Purpose. - To analyze the therapeutic results of cutaneous cancers on xeroderma pigmentosum through a series of 15 patients treated by radiotherapy. Patients and methods. - Between 1993 and 2006, 15 patients with xeroderma pigmentosum and having cutaneous cancers were treated in the Radiotherapy Department of university hospital Habib-Bourguiba of Sfax in Tunisia. Seventy-three percent of the cases occurred in male patients and the mean age of appearance of the first tumour was 18.2 years. Tumour histology was squamous cell carcinoma in 74% of the cases. The total number of cutaneous tumours was 84. Ten patients had a surgical resection. Four patients did not respond to chemotherapy. The modality of irradiation was decided according to the size, thickness and localization of the tumour. The dose of radiotherapy was 60 Gy or equivalent with classic irradiation. Results. - The total number of lesions treated with radiotherapy was 64. Forty-three lesions were treated with contact-therapy, ten with brachytherapy and 11 with cobalt-therapy. The following acute complications were observed: cutaneous infection (53.3% of patients), radio-epithelitis (80% of patients) and necroses (33.3% of patients). Evaluation after treatment showed a clinical complete remission in 73% of the cases. Late effects were noted in seven cases: telangiectasia and cutaneous atrophy. A recurrence in the irradiated zone was observed in one case. A nodal metastasis was observed in two cases. Another patient presented lung metastases. After a median follow up of 37.2 months, four patients died, seven are alive with cutaneous cancer and four are alive with complete remission. Conclusion. - Radiotherapy is a possible and effective therapeutic alternative. Dose and methods are not defined for xeroderma pigmentosum. (authors)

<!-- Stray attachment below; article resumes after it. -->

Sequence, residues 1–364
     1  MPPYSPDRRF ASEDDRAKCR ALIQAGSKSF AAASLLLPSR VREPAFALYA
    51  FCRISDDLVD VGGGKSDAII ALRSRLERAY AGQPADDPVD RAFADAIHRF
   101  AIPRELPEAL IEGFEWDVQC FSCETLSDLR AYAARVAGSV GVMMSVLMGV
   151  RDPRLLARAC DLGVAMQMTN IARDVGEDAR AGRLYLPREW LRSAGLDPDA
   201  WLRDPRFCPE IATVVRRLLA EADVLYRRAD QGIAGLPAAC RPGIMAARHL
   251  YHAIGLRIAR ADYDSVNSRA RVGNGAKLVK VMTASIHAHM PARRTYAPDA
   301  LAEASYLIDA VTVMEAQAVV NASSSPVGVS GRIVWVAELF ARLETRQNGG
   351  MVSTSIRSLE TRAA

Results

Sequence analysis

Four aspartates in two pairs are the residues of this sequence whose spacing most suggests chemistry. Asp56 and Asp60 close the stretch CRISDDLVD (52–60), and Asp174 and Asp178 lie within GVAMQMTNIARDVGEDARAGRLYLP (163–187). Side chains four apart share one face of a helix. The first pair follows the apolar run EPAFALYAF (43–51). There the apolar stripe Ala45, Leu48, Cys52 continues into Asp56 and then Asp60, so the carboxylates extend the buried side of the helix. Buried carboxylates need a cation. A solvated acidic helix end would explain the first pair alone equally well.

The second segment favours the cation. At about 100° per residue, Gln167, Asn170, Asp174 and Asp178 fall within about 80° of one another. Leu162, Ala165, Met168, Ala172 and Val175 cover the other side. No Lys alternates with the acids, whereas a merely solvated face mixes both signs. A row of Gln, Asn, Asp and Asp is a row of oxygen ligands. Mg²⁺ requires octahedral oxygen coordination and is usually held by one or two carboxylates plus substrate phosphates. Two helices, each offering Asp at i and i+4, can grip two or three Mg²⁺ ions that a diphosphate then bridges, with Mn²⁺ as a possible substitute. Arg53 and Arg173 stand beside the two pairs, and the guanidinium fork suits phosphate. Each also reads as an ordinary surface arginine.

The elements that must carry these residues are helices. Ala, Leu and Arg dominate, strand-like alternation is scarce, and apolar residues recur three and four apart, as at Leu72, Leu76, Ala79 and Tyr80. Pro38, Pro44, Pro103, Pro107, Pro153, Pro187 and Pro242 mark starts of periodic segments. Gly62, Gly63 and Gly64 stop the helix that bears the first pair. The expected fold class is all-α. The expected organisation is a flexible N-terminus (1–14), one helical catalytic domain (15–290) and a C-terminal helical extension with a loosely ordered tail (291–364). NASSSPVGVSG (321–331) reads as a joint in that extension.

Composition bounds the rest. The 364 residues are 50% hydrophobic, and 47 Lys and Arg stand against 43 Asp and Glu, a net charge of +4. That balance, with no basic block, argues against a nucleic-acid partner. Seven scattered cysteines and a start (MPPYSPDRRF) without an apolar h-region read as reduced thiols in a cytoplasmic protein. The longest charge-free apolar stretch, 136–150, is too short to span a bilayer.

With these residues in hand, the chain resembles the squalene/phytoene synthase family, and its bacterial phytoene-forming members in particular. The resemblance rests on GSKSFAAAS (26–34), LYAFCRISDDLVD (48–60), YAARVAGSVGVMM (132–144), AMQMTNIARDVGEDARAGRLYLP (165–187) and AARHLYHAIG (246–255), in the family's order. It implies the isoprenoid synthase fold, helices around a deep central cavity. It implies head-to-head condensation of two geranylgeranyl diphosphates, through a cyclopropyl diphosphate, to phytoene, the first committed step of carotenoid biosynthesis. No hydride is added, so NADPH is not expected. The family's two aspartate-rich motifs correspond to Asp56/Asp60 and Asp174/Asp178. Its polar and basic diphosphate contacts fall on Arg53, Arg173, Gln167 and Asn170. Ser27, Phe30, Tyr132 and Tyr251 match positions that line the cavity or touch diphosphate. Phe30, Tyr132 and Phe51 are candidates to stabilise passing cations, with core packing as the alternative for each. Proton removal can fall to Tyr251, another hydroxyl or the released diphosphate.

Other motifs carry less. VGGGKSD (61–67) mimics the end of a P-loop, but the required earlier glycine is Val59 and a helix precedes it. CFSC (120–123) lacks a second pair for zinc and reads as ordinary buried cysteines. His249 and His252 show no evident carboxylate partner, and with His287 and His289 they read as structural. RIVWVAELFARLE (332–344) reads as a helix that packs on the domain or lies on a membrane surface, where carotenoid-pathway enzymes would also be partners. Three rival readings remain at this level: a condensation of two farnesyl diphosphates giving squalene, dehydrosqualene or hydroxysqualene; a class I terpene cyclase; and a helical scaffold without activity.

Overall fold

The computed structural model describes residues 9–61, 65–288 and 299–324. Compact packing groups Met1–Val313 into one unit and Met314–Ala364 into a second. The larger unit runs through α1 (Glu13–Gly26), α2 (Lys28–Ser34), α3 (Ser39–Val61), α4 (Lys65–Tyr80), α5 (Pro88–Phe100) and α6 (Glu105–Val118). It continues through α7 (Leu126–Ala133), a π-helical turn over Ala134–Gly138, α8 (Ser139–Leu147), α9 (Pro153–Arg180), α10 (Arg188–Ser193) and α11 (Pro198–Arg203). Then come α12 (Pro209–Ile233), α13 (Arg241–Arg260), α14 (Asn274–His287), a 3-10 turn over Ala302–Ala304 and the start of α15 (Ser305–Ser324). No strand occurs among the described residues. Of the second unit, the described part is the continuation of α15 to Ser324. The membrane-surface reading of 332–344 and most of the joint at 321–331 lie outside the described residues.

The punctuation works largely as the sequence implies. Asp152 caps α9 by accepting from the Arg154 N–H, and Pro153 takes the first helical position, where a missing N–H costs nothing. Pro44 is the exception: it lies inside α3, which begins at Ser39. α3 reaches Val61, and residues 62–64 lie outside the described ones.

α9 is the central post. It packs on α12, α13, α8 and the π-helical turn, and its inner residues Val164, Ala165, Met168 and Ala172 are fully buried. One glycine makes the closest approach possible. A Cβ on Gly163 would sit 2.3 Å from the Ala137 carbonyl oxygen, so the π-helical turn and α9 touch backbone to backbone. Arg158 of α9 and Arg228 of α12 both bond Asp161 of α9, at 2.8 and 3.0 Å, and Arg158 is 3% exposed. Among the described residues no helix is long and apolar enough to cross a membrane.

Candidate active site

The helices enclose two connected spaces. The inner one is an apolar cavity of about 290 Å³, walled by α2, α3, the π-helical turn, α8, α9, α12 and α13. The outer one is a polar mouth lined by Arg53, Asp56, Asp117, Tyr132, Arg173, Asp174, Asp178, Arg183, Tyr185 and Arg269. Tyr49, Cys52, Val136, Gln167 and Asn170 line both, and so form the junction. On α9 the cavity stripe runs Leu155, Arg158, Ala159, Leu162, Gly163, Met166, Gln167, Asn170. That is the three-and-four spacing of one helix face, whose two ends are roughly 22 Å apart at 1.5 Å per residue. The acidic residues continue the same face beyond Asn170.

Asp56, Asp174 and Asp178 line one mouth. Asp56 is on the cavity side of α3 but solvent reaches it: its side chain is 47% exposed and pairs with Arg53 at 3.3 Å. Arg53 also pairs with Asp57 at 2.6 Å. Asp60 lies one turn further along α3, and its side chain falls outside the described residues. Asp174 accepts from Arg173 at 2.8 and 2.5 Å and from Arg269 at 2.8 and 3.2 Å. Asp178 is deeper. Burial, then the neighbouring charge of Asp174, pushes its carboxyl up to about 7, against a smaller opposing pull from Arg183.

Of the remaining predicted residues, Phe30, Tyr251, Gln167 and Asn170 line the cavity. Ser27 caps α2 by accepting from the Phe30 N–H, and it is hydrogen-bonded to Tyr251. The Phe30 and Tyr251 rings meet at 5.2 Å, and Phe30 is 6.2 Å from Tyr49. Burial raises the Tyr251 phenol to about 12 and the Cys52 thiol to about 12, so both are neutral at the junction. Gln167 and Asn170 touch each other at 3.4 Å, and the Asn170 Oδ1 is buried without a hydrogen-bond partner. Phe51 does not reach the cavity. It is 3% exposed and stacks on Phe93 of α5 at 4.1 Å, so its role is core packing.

10. Combined breast conserving surgery, chemotherapy, and irradiation in breast cancer treatment. Role of the interval between surgery and onset of radiotherapy

    International Nuclear Information System (INIS)